What is hyperactivity?
There are a multitude of terms for describing kids who literally 'can't sit still'. Hyperactive child syndrome is the official name for the problem. It was described in 1975 by The British Medical Journal as 'a chronic level of motor activity relative to the age of the child, occurring mainly in boys between one and sixteen years, but characteristically around six years, accompanied by short attention span, impulsive behaviour or explosive outbursts causing substantial complaints at home or in school'.
The parents of a hyperactive child face a daily challenge, but all is not lost. Great improvements in behaviour can be achieved by altering and monitoring a child's diet.
What are the symptoms and causes of hyperactivity in children?
Credit: MorguefileBoys are more frequently diagnosed as being hyperactive than girls, but it is quite possible that this is due to the symptoms in boys being different and more obvious, making them easier to spot. Girls usually don't display such severe or extreme symptoms. Boys tend to be loud and disruptive, whereas girls can suffer from quiet mood swings, short attention span and minor speech impediments.
It is rare that children are diagnosed until they have reached 4 or 5 years old, but babies may also be hyperactive; if your baby requires very little sleep, rocks perpetually in their cot, is restless and fidgety or suffers from colic, it may be worth seeking the advice of a doctor.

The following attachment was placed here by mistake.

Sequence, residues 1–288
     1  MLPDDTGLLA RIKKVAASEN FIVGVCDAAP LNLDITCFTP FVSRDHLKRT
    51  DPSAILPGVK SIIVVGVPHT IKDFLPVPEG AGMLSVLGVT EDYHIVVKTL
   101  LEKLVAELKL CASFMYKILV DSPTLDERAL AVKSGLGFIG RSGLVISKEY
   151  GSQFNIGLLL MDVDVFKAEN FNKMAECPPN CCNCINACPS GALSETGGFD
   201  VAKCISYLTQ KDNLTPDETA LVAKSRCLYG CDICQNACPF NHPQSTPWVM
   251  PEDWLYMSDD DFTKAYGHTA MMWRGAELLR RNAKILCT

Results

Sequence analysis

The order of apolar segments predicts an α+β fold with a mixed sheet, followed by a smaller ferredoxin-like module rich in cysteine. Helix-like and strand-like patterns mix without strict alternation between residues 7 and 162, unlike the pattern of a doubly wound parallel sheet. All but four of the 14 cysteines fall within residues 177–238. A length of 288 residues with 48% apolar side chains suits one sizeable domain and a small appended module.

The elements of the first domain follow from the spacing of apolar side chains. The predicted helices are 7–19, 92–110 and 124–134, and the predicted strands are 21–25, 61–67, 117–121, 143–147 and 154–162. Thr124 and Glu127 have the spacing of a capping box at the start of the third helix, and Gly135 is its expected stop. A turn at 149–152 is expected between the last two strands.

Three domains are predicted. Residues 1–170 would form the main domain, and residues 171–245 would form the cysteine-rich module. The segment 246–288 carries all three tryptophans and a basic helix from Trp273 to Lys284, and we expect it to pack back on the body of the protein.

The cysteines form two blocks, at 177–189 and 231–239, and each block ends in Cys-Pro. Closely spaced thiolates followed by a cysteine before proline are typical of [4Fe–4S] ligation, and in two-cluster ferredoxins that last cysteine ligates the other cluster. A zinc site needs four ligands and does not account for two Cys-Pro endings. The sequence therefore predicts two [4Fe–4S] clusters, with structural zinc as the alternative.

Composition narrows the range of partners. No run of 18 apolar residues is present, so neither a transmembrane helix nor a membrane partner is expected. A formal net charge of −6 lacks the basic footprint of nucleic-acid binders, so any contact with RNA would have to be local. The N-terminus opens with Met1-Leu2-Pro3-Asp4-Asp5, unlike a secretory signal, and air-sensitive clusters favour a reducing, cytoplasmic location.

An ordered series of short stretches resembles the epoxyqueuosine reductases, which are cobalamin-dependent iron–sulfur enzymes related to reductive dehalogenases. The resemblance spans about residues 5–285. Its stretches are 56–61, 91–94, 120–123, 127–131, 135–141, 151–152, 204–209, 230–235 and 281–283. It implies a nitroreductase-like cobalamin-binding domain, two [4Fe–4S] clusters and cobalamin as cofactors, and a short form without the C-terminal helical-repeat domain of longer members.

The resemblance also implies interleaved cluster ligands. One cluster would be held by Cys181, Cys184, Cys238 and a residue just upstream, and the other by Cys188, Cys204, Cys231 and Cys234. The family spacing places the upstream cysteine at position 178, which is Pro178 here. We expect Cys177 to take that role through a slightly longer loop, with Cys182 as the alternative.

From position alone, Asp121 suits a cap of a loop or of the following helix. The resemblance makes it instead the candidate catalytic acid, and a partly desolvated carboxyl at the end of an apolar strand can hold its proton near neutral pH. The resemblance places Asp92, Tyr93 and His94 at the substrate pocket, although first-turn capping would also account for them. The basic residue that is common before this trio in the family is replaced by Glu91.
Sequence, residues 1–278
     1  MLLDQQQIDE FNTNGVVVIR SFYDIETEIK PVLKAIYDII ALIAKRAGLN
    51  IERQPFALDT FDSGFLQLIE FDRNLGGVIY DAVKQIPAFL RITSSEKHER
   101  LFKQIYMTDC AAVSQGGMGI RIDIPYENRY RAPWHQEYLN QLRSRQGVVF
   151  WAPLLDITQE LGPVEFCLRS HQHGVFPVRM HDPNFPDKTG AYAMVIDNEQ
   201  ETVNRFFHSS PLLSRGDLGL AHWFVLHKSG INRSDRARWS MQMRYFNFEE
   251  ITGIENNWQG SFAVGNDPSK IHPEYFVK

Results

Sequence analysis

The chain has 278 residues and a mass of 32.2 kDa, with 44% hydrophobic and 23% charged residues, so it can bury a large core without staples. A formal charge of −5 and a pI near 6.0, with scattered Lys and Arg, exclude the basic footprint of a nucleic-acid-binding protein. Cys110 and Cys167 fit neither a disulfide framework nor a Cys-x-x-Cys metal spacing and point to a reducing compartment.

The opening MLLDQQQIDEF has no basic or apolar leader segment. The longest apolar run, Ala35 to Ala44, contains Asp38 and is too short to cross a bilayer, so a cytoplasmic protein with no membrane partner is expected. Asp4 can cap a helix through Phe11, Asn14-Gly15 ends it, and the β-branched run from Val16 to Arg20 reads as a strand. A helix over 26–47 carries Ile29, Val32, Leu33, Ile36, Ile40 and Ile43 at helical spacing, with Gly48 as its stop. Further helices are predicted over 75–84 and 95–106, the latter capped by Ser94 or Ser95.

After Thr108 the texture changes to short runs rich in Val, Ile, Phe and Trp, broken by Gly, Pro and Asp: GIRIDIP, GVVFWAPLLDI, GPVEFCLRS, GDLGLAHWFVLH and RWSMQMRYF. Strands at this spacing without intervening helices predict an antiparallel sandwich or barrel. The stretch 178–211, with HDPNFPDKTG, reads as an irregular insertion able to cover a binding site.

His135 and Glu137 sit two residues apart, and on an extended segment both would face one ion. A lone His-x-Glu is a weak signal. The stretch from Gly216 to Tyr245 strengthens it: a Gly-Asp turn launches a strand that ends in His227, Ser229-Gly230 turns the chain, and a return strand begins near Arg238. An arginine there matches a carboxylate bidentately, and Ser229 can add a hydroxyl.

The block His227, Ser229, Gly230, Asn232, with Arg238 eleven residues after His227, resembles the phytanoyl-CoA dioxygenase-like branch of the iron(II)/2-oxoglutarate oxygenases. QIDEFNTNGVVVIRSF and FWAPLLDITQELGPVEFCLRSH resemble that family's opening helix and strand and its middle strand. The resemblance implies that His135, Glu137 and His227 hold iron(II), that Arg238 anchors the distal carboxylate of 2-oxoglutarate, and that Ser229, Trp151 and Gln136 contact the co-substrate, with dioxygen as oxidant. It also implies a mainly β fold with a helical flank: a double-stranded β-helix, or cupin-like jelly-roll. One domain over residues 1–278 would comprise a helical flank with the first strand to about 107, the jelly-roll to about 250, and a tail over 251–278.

As hyperactive children get older they may display poor control or co-ordination and clumsiness. Other common symptoms include temper tantrums, poor eating and sleeping habits, learning difficulties, social and behavioural problems, and aggression. Less common symptoms that may nonetheless be significant include headaches, hay fever, and asthma.
It is notoriously difficult to accurately diagnose hyperactivity because children have varied personalities and adults perceive their behaviour differently too. What may seem like loveable energy to one person, can seem boisterous and disruptive to another. Likewise, a child may seek attention in a certain type of situation. If you suspect that your child suffers from hyperactive tendencies, keep a record of their behaviour. Also make a note of what they have eaten, who else was present, and any other detail you think might be significant.
The cause of hyperactivity is still not really known. There have been theories that it has something to do with minor brain damage, but medical evidence is not strong enough to support them. What is known is that it is passed from parent to child. It has also been proved that, although food in itself cannot cause the condition, it can influence its severity. Certain food types can cause an allergic reaction. Certain compounds found in food additives cannot be broken down due to an enzyme deficiency (that seems to go hand in hand with the propensity towards hyperactivity); the child therefore does not digest the food properly. Instead, toxins are released in the body, thus causing behavioural problems.
Before taking steps to change your child's diet, seek medical advice, as any form of behavioural abnormality may be caused by other factors.
Keeping the diary
The first step is keeping a food and behaviour diary. What is your child eating? Are they experiencing any adverse reactions to certain foods? Upset stomach? Diarrhoea? A red rash? Pale complexion? Be specific with times and symptoms. This is the only real way to determine the effect certain foods are having. Here is a list of the main types of food linked to hyperactivity; look out for these in particular and you are a long way to controlling your child's condition.